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Customer Reviews for

What Einstein Told His Cook: Kitchen Science Explained

Average Rating 3.5
( 16 )
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Sort by: Showing all of 16 Customer Reviews
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  • Anonymous

    Posted November 9, 2002

    Informal but excellent

    Robert L. Wolke's book, "What Einstein Told His Cook", is much better that those previous views listed on this site let on. I am a medical doctor with an extended education in biology, chemistry and physics, who is by no means insulted by Wolke's casual writing style. His book is not intended as a boring postgraduate text book. It is a fun to read book directed to everyday people with common understanding of the basics of science. I also have read Alton Brown's books. They also are to be recommended, but the topics covered are different-apples vs oranges in fact. Look again at "What Einstein Told His Cook" it was a pleasure to read and covered many interesting questions most people do not know the answer to; including arrogant professional cooks and medical doctors.

    3 out of 3 people found this review helpful.

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  • Posted March 9, 2011

    Cooking Chuckles

    I asked my culinary-interested teenager what he thought of this book and whether or not he would like to have it in his library. His reply was, "Sure, the information is interesting, and the recipes are great too." The book really is an entertaining read. One of the most humorous sections is the "primer on crackerpuncture", i.e., - Why crackers have holes in them. Professor Wolke's book should be viewed more as a scientific "appe-teaser" that stimulates a thirst for more knowledge, but also satisfying to the hungry who diet on smaller portions.

    2 out of 2 people found this review helpful.

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  • Anonymous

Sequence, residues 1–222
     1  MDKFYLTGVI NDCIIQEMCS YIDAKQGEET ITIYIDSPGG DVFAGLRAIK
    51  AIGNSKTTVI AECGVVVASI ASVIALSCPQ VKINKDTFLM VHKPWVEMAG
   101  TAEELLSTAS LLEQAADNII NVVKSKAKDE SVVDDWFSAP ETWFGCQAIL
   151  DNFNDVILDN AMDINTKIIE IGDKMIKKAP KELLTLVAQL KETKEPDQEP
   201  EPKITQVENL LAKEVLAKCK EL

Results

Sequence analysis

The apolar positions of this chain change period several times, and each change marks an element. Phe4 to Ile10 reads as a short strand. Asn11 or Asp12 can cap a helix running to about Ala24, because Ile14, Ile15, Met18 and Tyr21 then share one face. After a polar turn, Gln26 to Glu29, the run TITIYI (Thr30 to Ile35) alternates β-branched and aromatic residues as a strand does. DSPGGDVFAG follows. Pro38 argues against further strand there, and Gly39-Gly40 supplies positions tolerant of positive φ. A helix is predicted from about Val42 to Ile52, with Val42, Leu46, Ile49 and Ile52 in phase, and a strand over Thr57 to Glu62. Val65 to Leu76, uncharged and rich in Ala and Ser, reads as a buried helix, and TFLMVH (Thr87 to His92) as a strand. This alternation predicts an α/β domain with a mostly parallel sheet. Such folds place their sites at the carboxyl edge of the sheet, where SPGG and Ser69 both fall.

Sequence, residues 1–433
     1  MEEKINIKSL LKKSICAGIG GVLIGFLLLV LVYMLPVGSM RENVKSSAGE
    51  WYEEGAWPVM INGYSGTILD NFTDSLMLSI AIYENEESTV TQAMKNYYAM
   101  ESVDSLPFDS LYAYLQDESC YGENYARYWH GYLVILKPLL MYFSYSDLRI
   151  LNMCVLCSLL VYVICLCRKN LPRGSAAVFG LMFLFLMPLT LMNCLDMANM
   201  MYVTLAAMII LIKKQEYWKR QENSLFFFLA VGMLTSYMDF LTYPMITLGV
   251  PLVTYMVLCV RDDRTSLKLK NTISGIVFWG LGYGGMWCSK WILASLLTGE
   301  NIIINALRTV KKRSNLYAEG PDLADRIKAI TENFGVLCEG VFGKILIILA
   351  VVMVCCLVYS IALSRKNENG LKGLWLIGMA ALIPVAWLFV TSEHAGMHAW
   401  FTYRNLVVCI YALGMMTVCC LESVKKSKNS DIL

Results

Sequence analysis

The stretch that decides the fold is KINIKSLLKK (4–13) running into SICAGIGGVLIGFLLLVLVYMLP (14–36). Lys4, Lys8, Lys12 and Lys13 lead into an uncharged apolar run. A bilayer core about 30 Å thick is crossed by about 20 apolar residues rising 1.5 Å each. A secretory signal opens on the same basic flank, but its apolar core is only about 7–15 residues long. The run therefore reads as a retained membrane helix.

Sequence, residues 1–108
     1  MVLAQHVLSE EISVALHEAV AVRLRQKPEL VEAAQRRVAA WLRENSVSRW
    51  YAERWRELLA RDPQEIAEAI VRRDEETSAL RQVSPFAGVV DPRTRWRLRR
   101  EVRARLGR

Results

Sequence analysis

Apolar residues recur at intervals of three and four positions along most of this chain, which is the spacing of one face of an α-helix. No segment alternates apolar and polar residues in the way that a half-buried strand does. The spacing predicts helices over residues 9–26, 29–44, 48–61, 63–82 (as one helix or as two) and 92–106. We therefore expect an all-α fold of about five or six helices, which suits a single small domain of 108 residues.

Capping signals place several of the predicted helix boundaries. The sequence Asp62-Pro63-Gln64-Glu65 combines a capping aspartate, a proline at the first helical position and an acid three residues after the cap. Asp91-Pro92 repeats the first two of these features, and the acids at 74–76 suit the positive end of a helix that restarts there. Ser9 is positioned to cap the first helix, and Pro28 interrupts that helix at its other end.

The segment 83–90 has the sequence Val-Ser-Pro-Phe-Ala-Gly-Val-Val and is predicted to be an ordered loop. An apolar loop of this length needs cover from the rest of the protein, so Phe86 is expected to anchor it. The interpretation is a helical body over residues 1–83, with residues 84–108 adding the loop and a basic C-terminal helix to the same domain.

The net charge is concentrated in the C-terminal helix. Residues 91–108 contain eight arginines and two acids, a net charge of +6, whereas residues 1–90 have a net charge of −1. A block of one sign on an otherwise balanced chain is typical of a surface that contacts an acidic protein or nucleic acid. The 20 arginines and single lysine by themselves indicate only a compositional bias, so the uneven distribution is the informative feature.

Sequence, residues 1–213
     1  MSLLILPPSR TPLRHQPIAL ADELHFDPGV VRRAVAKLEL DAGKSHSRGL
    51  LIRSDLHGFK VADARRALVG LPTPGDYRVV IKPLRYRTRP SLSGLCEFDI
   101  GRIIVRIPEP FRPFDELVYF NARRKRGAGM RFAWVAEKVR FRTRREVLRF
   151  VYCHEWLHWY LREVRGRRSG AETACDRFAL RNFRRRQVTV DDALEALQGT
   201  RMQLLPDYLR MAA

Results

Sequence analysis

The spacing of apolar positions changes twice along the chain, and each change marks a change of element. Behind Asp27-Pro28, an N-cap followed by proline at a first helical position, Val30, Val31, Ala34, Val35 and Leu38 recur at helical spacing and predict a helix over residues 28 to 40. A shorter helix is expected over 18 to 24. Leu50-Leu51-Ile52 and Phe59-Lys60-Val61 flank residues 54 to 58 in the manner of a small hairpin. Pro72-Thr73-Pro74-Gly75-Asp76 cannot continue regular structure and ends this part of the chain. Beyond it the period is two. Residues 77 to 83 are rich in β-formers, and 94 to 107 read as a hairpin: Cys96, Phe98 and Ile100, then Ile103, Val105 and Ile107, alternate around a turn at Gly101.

Posted January 5, 2003

    Questions answered and explained

    OK, so I'm not a professional chef, nor an arrogant biochemist, but I think Robert Wolke's style of writing in this book adds some fun to what could be a real boring read. He doesn't just answer the questions, he explains why it is so. I don't want to become an expert in the field - I just want to know quick answers, so I think this book is terrific!!!!

    2 out of 2 people found this review helpful.

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  • Anonymous

    Posted August 15, 2002

    Interesting, but pedestrian and unprofessional

    This book is a great idea poorly executed. If you have a college education and a sense of humor that transcends pop culture, I suggest you look elsewhere for good reading. The book is written in the all-too-common short-section format, popular with the attention-span impaired, and the ideas are wedged between Wolke's loquacious commentary (which, by the way, teaches you nothing). However, there are some interesting tidbits, if you are willing to mine a ton of ore to get the ounce of gold. Furthermore, although the author is clearly not condescending, he is informal to a fault, leaving the reader with rhetorical questions where there should be answers-raising the question: was this book even edited? Take more than a cursory look in the bookstore before paying the exorbitant price for this pedestrian work, and, if you have curiosities about science and food, look to Alton Brown of 'Good Eats' fame-he gets it right where Wolke just gets clueless.

    2 out of 4 people found this review helpful.

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  • Anonymous

    Posted August 26, 2002

    A little too precious; a little short on information

    This is one of those aggravating tomes that uses a lot of pages to say very little. The writing is way too precious a lot of the time. I was interested in the subject matter going in, but I found the author's cutesy style to be extremely distracting. The author has some expertise, but he lets his smug prose ruin what could have been a very engaging, informative book. What a waste of time. Buy Alton Brown's book instead--he treats his reader with respect.

    2 out of 3 people found this review helpful.

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